Hobby Farms as a Baby Boomer Investment

Several new reports have recently hit newswires chronicling the under-preparedness for the retirement of baby boomers, and the figures they present are downright frightening. About four in 10 baby boomers have not saved for retirement.

According to a study recently published by the Insured Retirement Institute, only 69% of the still-working Boomers have money stored up for retirement, while only 50% of already retired boomers have saved money.

In other words, half of the retired baby boomers are living off of social security income, pensions, and other forms of recurring revenue, instead of retirement savings accounts. For additional context, in 2011, 84% of working baby boomers have put away money for retirement, and 69% of retired baby boomers had saved money for retirement.

36% of boomers decide to rely on Social Security as their primary revenue stream.

A recently conducted research from the Center for Retirement Studies (TCRS) pointed out that the most commonly given response from baby boomers regarding where the majority of their revenue in retirement would most likely come from was “Social Security” with 36%.

With time being the greatest number one ally of any investor, and boomers potentially losing some of that leverage because they near retirement, investing in land for farming might be a wise decision.

A hobby farm is usually a small farm you work on and earn a bit income from.

It is usually meant to help supplement the income from a job. Sometimes hobby farms transform into the main revenue stream due to job loss, retirement, or just for the joy and satisfaction it brings. People often find themselves wanting to spend more time on the particular farm and increase the animals and/or crops so they can earn a full-time income.

Along with the plethora of animals, hobby farmers generally include gardens and U-pick orchards. It generally is a very lucrative enterprise if managed effectively.

market gardens and farm property investment

A U-pick can generate a lot of money in revenue over the summer, and need not take up lots of space. An acre or two has got the potential to create many bushels of fruits and vegetables if it is put up properly.

A small greenhouse could lead to several hundred bedding plants along with a few dozen tomato plants. It won’t take long for word to spread that you have high-quality vegetables and flowers available for purchase.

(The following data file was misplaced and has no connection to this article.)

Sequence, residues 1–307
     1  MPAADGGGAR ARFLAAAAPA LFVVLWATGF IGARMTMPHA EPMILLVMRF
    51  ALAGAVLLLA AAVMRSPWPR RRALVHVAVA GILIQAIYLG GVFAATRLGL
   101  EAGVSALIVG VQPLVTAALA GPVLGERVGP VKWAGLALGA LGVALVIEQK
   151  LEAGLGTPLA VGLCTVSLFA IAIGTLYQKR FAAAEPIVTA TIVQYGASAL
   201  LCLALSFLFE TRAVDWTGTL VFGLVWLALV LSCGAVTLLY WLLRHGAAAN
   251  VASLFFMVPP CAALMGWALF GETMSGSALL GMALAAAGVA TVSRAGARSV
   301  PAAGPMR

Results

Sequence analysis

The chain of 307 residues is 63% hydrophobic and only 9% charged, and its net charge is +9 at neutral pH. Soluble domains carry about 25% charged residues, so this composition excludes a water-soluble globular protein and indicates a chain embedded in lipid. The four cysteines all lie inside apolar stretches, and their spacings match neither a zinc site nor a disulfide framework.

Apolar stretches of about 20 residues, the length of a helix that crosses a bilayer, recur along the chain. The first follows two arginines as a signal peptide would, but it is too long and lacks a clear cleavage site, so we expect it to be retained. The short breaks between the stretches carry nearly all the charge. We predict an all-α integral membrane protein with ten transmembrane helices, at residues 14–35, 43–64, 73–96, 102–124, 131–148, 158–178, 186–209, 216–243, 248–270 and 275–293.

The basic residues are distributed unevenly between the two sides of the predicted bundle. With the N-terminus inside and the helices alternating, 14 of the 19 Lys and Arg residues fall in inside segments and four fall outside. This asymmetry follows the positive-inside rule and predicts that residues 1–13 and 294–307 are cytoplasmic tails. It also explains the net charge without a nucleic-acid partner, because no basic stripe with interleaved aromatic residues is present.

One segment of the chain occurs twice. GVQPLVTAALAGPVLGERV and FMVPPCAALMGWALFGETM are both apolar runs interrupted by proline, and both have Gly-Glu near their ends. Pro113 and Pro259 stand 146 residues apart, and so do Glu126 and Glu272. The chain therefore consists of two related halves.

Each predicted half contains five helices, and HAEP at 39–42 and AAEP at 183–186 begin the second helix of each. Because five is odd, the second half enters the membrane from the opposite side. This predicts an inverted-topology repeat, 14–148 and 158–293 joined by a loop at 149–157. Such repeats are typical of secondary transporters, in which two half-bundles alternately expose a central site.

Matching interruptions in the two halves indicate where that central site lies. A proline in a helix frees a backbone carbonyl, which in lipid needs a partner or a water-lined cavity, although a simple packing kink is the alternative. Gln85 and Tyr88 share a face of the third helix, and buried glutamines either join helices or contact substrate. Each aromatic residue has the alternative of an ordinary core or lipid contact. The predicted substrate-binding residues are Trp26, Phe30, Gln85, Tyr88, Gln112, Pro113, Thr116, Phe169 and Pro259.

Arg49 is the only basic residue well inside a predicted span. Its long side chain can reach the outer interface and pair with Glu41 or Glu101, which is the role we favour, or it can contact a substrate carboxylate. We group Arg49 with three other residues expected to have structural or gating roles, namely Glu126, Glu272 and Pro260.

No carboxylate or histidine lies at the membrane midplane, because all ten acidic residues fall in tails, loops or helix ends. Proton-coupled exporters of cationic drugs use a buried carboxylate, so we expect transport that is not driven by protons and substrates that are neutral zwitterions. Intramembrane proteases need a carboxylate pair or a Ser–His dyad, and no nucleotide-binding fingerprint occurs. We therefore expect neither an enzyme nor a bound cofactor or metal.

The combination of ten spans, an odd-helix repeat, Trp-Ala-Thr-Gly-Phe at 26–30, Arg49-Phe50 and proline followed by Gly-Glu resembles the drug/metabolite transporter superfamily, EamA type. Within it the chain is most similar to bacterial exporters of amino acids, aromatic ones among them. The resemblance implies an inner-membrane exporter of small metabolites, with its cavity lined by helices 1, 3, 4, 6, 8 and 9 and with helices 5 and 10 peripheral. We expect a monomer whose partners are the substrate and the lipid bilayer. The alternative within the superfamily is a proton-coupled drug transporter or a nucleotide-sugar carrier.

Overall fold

Choosing Your Hobby Farm

The first thing you should have in order to have a hobby farm is usually a parcel of land. This could be anywhere from an acre upwards. So here are generally some tips on deciding on the best hobby farm to help keep yourself active in the course of retirement:

  • Have all your financial ducks in line, so to speak, before you even start looking to buy land. You will be ready to buy once you find what you are looking for if your financing was already secured.
  • Choose an agent that is experienced with the sale of agricultural land since there are lots of specifics involved with regard to paperwork and property requirements that everyone should be on the same page about.

Carefully check out the property, do not rely on photos or hearsay. Make sure yourself that everything you would like is there.

Do you intend to plant crops? Do you know for sure if your soil is good and fertile enough for planting? Does it have appropriate water drainage and irrigation? Is there a spot to put your tools?

Costs

Like all property, the cost will depend on location and facilities. A farm of 20 to 40 acres just out of Tamworth might cost you around $200,000 to get going. If it has a decent house and dams you could be looking at over a million dollars.

Speak to an expert in rural property. There are plenty of resources online to get you started.

  • https://www.homeloanexperts.com.au/property-types/hobby-farm/
  • http://www.realestate.com.au/blog/buy-hobby-farm/

You should also do some additional research on the current market, not only for the property, but for the primary production you intend to grow. Smaller growers markets are attractive and less arduous than larger property and if you can make a return on local produce stalls you can still sit back long enough to enjoy the mixture of happy retirement and productive labour.